4 out of 5
Created by: Liz Flahive and Carly Mensch
covers season 1
While I’m growing a little tired of the 80s nostalgia party we’ve been having the last few years (but it was to be expected – every era has their own version of this), GLOW – a TV-ized telling of the start of the Gorgeous Ladies of Wrestling – has actual history as its justification for its setting, and then does one better by actually telling a story with characters and not using wink-wink references as a Remember When? Crutch. In fact, besides the time-appropriate props (the telephones, the TVs), the only other clear call-out would be the soundtrack, and even that is kept to a blessed one featured song per episode; even the outfits and hair are kept in tasteful check. This is a very tolerable way to capture the 80s, and allowed me to fully appreciate GLOW the show without having to make constant concessions for nostalgaism.
So: It’s 1985, and Z-grade schlock auteur Sam (Mark Maron) puts out a casting call for unusual types for a new TV show. Showing up to this – besides several unique ladies whom we’ll somewhat get to know over a ten episode season – is perpetually-having-a-bad-day Ruth (Alison Brie), who has a true passion for her craft and, despite my hyphenated description of her, does her best to keep moving forward with a smile. There’s some adjustment to realizing that this audition is to be for a taped wrestling show – which means yes, acting, but also… wrestling – but she comes around to the idea and finds her hook into tossing herself into the narrative of the thing. Or attempting to. Spread atop some of GLOW’s light-handed social / gender commentary and the clumsy soap opera antics which mimic those unfolding for the ladies’ wrestling personas is Ruth’s search for identity via these roles she throws herself in to. There’s the suggestion that she can’t land a part because there’s not a settled, confident person behind her various characters, and it’s an interesting concept that gets bounced off of the more pronounced (and occasionally one-dimensional – hard to avoid with such a large cast) personalities of her teammates. This ends up being a bit heady for a half-hour drama / comedy, though, and gets somewhat lost later in the season behind subplot clutter. However, Brie sells her character’s mix of befuddlement and charm incredibly well, and the script remains fairly understated in terms of trying to drop any life lessons, so you get swept up in Ruth’s plight – and her delightfully snarky banter with Maron – with little effort, which is surely a good quality for a bingeable, streaming series.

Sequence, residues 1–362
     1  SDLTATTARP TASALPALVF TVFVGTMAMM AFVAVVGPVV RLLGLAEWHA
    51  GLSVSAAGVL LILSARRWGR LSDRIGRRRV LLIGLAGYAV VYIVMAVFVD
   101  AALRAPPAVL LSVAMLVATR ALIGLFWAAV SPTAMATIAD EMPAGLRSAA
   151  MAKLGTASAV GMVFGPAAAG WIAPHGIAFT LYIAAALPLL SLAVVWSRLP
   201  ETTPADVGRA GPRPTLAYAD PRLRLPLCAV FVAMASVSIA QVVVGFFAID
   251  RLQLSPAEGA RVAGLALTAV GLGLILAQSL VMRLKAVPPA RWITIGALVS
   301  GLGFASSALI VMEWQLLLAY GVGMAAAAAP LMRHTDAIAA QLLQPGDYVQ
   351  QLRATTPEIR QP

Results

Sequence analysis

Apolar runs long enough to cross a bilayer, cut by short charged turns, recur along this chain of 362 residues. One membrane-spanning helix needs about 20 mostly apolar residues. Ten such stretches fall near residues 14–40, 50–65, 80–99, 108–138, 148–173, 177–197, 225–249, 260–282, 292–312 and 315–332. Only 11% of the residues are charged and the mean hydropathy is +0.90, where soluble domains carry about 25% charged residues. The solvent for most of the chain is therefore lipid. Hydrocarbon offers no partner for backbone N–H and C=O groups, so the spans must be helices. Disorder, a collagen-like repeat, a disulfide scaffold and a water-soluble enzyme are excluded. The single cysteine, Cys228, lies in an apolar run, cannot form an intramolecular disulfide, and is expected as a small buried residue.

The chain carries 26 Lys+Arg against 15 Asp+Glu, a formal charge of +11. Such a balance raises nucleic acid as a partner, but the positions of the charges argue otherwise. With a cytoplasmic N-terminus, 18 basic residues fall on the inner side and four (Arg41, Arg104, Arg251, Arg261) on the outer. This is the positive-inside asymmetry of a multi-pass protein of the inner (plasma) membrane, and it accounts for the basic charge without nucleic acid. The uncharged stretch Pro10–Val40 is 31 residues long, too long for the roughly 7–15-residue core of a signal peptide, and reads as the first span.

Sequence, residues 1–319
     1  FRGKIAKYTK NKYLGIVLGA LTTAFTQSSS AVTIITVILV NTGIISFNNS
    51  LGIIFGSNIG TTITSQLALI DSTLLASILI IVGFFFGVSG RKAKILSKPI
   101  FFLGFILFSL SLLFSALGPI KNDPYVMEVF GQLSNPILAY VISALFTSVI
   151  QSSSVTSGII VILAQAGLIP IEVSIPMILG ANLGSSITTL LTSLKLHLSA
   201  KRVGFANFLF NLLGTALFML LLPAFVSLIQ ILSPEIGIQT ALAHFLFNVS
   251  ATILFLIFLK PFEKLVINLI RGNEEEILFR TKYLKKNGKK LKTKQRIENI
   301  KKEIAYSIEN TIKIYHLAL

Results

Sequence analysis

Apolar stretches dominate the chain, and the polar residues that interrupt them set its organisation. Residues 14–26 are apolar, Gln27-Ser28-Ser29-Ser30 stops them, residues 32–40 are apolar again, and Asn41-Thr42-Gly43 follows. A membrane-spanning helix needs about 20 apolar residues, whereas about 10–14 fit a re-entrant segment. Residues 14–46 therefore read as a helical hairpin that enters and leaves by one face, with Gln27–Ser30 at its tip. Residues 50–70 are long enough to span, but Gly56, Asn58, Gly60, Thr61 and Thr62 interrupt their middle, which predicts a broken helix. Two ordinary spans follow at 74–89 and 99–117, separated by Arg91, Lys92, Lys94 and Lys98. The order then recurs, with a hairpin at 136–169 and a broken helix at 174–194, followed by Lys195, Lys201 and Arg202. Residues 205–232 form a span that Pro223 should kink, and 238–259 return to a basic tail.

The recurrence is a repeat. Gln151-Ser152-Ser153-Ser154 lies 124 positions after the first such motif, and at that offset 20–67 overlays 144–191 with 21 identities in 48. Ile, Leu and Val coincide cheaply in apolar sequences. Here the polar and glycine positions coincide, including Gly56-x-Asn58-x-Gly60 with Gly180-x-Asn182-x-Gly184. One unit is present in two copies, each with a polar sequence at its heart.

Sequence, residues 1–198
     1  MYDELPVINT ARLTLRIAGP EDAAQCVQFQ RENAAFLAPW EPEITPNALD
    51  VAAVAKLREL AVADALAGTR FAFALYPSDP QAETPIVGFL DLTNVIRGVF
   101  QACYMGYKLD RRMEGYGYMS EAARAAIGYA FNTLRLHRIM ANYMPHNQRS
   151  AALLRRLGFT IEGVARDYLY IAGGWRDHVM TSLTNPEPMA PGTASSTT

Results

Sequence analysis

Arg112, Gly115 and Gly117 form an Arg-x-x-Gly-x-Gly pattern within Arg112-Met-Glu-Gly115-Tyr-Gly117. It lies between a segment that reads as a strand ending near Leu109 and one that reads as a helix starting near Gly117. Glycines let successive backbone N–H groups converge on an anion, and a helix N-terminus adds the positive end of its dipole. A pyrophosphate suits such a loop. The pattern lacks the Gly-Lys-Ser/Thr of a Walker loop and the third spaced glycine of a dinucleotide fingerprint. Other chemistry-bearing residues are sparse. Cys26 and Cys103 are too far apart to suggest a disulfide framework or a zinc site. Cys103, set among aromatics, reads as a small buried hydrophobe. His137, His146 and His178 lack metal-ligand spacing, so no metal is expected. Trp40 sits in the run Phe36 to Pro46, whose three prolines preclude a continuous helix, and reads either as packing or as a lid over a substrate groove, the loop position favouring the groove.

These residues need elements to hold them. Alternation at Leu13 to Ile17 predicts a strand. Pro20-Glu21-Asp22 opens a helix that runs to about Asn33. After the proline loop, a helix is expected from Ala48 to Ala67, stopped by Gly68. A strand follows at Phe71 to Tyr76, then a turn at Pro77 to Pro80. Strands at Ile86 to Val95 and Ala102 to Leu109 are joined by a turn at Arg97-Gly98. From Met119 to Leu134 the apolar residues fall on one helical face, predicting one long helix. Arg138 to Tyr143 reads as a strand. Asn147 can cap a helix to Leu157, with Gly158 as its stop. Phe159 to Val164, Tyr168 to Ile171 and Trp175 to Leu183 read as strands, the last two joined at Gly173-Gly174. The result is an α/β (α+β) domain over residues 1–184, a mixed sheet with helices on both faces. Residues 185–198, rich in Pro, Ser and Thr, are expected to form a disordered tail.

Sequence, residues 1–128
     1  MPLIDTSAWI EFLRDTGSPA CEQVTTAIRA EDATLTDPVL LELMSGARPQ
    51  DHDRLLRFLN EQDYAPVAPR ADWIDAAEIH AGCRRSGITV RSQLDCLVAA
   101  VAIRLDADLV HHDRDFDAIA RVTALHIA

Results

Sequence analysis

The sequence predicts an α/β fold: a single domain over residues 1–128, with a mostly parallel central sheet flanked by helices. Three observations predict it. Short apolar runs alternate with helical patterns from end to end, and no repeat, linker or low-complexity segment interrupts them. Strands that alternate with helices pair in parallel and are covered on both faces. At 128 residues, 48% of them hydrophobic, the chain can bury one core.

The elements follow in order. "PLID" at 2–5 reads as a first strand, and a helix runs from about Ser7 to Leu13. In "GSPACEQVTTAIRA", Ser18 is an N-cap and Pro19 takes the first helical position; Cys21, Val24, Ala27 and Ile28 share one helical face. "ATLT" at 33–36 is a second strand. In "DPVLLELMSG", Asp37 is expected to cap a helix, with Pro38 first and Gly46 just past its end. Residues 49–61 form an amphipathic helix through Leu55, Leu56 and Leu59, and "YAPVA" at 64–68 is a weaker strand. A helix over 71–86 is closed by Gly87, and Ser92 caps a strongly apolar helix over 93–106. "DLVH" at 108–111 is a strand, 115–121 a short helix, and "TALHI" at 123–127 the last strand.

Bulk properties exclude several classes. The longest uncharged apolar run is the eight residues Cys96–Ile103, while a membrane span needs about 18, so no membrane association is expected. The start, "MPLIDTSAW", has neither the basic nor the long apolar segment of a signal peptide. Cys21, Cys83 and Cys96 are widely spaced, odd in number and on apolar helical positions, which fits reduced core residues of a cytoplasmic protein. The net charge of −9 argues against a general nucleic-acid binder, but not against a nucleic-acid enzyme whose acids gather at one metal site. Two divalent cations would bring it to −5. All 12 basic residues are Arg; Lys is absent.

Throughout GLOW, I also appreciated the actual focus on and seeming reverance for the wrestling. It’s not my sport by any means, but the creative team doesn’t treat it like a backdrop. It’s certainly the vehicle for bringing the cast together, and their learning to work together is how we get to know them, but there’s legit training going on here – not just one or two montages and then they’re pros – as well as consideration for the production behind the whole thing. You never get the impression that it’s easy, and the majority of the cast really does pull of the moves convincingly in the ring.
I kept watching GLOW, curious if I was just letting Netflix serve me up an easy view or if I was actually invested, but when I got that twinge of excitement when the ladies were starting to get their GLOW act together, I knew I was hooked, and cheering for the show to succeed.